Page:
Babies cry for many reasons - discomfort, loneliness, hunger, fear, or being tired. Some babies cry more than others even when they are healthy and well fed. This happens more often in the first three months. It also happens more at night.

When your baby seems to cry for no reason you can try the following:

  • If you know your baby has been well fed and burped, try
    • skin-to-skin
    • walking or rocking
    • standing and swaying
  • Change your baby's diaper if it is wet or dirty.
  • Check if your baby is too warm or too cool.
  • Offer your breast again. Use breast compressions and offer the first and second breast again.
  • Try to calm yourself by counting slowly to ten or taking deep slow breaths. This may calm your baby as well.
  • If you are getting upset, ask your partner or someone else to hold your baby while you take a break.
How to hold a baby How to hold a baby

Moving baby in an up and down motion can calm your baby

Positioning and latching your baby

A good deep latch is very important

  • Your baby gets milk easily
  • Protects your nipples from damage
  • Increases your supply

positioning and latching your baby

How to get your baby to latch well

  • Turn baby with his "Tummy to Mommy".
  • Tuck your baby's whole body in close, his bottom and legs too.
  • Support your baby by holding your hand behind the shoulders and neck with the palm of your hand - "Face to Breast".
  • Place baby were his nose is at the level of the nipple -"Nose to Nipple".
  • Your nipple will be pointing upwards toward your baby's nose while you wait for his mouth to open wide.
  • When bringing baby to breast, your baby's chin and lower lip should touch your breast first.
  • Your baby will take all or most of the darker area around your nipple (your areola) into his mouth.
  • If you have larger breasts, it may help to hold your breast by cupping it with your hand. Your fingers should be well back from the areola.

Don't push your baby's head onto your breast. Babies don't like getting pushed and may push back against your hand. This can make you think your baby does not want to feed.

Breastfeeding positions

Try different positions to see what works best for you and your baby

1. Laid back

Laid back

2. Cross cradle hold

Cross cradle hold

3. Football hold

football hold

4. Side lying 5. Cradle hold

Side lying and cradle hold

Common questions

How do I know if my baby is latched and feeding well?

You will know your baby is latched well when:

  • Breastfeeding is comfortable and you are not in pain.
  • You don't feel your baby pinching or biting your nipple.
  • Your baby has a strong, slow, regular suck.
  • You can hear swallowing.
  • Your baby's mouth and lips are open wide.
  • Your baby's jaw and ears are moving while baby sucks.

How do I know my baby is done feeding?

Some babies let go of the breast at the end of a feeding. However, if your baby has been pausing a lot and is no longer swallowing, you can take baby off your breast by slipping your finger between your breast and your baby's mouth to break the suction. Some babies always feed from both breasts, other babies do not. Some babies have a short nap and then take the other breast.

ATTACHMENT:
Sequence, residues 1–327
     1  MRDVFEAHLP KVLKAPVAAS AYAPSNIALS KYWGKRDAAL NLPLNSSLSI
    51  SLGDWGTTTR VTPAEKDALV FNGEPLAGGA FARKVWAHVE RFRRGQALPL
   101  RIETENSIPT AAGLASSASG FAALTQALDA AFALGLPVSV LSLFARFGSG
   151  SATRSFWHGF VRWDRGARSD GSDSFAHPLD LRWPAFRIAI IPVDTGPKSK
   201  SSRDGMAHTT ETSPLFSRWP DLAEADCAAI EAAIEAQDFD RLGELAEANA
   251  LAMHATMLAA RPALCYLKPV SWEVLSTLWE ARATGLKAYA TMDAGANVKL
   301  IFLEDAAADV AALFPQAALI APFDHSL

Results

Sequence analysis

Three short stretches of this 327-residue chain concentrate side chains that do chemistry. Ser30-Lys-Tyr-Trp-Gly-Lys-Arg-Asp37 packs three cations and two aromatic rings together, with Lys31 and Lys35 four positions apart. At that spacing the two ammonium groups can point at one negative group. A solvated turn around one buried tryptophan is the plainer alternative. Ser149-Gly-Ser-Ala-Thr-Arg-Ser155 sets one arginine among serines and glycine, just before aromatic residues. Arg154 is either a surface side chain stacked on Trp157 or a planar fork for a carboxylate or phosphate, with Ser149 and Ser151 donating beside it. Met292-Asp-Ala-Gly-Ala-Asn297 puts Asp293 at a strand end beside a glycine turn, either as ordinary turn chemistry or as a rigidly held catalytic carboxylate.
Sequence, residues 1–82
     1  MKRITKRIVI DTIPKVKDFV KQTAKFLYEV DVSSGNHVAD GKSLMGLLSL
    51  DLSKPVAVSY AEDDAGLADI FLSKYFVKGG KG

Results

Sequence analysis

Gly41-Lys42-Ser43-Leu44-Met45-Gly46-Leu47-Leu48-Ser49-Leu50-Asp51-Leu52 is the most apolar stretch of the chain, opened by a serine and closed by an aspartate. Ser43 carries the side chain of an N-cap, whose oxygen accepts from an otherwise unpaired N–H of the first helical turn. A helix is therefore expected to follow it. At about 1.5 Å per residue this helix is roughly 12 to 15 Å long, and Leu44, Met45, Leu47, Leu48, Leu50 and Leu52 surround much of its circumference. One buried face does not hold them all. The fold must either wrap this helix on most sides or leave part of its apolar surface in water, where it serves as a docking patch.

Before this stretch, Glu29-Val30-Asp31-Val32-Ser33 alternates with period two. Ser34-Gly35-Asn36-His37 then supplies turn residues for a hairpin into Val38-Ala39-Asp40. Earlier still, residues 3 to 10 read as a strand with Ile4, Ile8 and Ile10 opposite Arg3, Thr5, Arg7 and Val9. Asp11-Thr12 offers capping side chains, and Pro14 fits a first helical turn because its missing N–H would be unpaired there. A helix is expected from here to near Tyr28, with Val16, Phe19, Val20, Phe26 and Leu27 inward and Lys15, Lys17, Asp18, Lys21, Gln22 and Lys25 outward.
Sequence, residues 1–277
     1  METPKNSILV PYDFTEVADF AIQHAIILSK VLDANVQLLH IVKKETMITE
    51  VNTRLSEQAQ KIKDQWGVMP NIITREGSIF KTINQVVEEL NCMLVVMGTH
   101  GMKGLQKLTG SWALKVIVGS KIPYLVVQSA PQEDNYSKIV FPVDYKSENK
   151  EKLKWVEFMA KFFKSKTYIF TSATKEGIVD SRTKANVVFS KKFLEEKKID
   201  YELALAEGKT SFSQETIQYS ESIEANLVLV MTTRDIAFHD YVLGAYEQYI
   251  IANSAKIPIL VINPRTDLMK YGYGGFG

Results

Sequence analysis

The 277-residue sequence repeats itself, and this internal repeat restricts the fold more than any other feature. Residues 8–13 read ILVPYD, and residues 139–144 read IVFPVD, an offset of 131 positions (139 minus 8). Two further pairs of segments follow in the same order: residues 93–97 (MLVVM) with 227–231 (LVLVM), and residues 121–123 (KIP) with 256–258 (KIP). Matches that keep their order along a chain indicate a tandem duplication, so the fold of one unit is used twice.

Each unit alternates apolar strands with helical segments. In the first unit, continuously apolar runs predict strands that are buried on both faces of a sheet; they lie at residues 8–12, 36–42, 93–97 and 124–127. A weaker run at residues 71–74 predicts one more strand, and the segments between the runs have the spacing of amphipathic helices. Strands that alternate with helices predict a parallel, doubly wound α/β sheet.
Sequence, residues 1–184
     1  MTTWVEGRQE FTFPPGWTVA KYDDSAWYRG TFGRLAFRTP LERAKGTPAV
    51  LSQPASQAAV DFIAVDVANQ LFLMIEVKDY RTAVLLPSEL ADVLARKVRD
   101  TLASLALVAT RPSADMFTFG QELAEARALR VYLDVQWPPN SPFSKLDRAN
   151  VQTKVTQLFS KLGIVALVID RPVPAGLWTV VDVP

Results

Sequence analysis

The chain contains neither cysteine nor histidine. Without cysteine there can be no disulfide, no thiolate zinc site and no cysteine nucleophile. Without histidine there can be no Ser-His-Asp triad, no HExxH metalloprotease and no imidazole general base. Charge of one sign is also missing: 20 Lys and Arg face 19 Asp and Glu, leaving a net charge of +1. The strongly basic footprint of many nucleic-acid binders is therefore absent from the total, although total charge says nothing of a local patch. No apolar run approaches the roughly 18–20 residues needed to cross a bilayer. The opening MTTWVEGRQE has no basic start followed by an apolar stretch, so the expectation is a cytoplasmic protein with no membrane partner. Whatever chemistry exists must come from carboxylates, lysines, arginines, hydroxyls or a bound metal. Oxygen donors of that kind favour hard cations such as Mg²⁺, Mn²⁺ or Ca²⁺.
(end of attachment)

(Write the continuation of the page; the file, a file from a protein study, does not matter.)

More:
When your baby is finished feeding:
  • Your nipples will have a normal, rounded shape and they should not look flattened.
  • Your breasts may feel softer. You will see this more in the first few weeks of breastfeeding.
  • Your baby should be relaxed and calm. Younger babies may fall asleep when they are done feeding.
  • In time you will get to know your baby's cues. Sometimes you may just need to offer the breast again.

How long should I feed my baby?

You do not need to time your baby's feeds or worry about baby as long as baby:

  • Feeds often, at least 8 times in 24 hours for at least 15-20 minutes.
  • Feeds with strong sucking and swallowing.
  • Has plenty of wet and dirty diapers for baby's day of age.
  • Does not lose more than 10% of birth weight, baby has started to gain weight by day 5 and has regained birth weight by 2 weeks of age.

Babies feed for different lengths of time. Some babies feed regularly and quickly establish a routine. Other babies have short frequent feeds especially in the evening or at night. You will notice changes with the length of time your baby feeds depending on baby's age and growth spurts.

Watch your baby, not the clock.

Feed your baby whenever baby shows feeding cues. Feed baby for as long as baby wants on both breasts. Babies know when they are hungry and when they are full.

Cluster feeding and growth spurts

Cluster feeding is when your baby feeds for a long time and does not settle. It is normal and helps you to make more milk.

Babies have some days when they need to breastfeed more. When this happens, some mothers worry that they do not have enough milk. This is your baby's way to help you make more milk.

These times are called growth spurts and they happen around:

  • The 2nd night
  • 10 days
  • 2-3 weeks
  • 6 weeks
  • 3 months
  • 6 months

Waking a sleepy baby

Some newborn babies are sleepy. That means your baby may not wake up to feed at least 8 times in 24 hours or your baby may latch but may fall asleep shortly after the feeding has started. Until your baby is waking up regularly and gaining weight steadily, you have to wake your baby.